Common Side Effects of New Antidepressants

Whenever a person takes any form of medication there will be some kind of physiological effect. Hopefully this will be a positive one, but occasionally it is negative. Antidepressants are no different and the results can be encouraging and rewarding, or very depressing in their own right. This article will examine some common side effects of new antidepressants and provide guidance for how to deal with them.

Any patient about to commence antidepressants needs to be totally honest with their doctor about their current health and any other medication they are taking. This is vitally important as many medications, even common place ones such as aspirin, can interact with the antidepressant tablets.

Common side effects of new antidepressants can be unpleasant and the patient, and any care provider involved, should be made aware of these to protect an already vulnerable person.

Nausea is the most common, along with a dry mouth. Whilst these may sound mild in themselves, when combined with a lack of sleep these symptoms can become very frustrating. A reduction in appetite is also a common feature, which may or may not have been present previously. Many patients also report an increase in sweating.

The most common time for these problems to present themselves is within the first few weeks and months of starting the new medication. Any unusual behaviour should be noted by the patient or the caretaker and reported to the doctor. This may range from an increase in anxiety or panic attacks to suicidal thoughts. It is therefore imperative that the patient has an independent person close at hand to monitor their behaviour during the first few months of a new treatment.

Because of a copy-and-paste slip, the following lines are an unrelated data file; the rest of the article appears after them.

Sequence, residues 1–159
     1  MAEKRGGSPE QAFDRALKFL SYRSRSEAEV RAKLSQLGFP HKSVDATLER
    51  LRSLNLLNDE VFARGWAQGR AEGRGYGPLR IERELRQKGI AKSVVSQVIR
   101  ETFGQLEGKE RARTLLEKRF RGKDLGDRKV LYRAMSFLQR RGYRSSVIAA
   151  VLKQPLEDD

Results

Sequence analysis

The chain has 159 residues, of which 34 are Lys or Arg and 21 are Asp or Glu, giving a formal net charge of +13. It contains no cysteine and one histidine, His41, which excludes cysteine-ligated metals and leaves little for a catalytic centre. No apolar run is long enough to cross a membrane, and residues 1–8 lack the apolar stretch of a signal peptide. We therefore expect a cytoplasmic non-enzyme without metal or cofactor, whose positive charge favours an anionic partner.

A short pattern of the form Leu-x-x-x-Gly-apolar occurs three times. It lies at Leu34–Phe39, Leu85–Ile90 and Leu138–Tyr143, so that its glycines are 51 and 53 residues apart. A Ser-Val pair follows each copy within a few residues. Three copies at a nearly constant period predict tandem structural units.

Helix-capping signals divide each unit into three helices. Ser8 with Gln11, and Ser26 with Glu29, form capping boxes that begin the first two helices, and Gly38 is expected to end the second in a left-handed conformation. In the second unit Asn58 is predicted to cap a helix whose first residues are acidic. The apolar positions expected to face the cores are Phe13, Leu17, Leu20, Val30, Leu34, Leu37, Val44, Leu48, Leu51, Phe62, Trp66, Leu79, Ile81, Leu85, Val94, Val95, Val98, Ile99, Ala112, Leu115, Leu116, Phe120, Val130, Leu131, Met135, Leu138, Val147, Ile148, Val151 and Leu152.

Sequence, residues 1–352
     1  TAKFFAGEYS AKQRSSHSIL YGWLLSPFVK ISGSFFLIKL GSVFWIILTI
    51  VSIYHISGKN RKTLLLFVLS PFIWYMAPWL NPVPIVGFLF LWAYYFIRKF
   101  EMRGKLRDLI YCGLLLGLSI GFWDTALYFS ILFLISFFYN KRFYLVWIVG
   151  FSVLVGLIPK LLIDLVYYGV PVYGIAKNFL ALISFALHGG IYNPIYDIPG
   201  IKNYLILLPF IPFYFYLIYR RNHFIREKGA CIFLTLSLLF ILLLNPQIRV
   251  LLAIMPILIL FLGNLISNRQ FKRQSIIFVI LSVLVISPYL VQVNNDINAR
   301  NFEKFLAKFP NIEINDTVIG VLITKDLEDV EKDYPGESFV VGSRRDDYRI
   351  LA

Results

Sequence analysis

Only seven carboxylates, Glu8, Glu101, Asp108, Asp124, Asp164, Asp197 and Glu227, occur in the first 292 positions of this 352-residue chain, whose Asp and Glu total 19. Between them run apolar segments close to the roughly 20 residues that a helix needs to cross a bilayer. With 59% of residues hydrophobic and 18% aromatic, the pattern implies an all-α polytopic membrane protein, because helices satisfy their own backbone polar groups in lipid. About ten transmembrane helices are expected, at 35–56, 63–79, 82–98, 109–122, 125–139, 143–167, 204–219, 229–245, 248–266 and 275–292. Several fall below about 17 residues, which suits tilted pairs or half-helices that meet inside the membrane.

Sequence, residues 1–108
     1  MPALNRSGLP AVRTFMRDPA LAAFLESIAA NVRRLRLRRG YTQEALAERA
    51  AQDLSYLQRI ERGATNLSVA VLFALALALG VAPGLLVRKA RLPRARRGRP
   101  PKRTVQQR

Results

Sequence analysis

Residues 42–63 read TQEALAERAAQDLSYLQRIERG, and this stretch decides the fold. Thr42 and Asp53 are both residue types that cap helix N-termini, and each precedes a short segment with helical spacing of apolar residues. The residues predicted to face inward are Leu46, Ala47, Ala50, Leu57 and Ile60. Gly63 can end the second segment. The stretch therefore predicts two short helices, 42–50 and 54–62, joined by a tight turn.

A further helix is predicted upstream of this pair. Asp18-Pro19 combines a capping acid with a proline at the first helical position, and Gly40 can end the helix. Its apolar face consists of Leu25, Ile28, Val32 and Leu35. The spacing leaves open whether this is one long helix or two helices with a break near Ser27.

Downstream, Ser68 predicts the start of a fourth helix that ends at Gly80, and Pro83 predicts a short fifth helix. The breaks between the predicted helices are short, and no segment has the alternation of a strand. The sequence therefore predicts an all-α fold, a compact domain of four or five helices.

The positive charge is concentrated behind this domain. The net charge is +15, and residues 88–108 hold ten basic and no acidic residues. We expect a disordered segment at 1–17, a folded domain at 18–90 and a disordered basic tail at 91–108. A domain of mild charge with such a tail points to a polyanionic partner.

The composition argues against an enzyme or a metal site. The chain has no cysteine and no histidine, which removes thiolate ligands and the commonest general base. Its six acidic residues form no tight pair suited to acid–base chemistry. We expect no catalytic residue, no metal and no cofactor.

Less common issues can range from itchy skin, dark or unusual coloured urine (with or without a jaundiced appearance) to headaches, weakness, fever, dizziness, and lack of concentration. All side effects should be reported and monitored by a trained professional and may require a simple blood test or the recording of the patients blood pressure. Many of these are very common side effects of new antidepressants, but you cannot be sure that it is so simple until your doctor has had a chance to thoroughly investigate. Even though these drugs tend to be very safe, there is always an outside possibility of having a severe negative reaction to them. If not monitored carefully by a physician, these types of reactions could cause permanent injury or even death.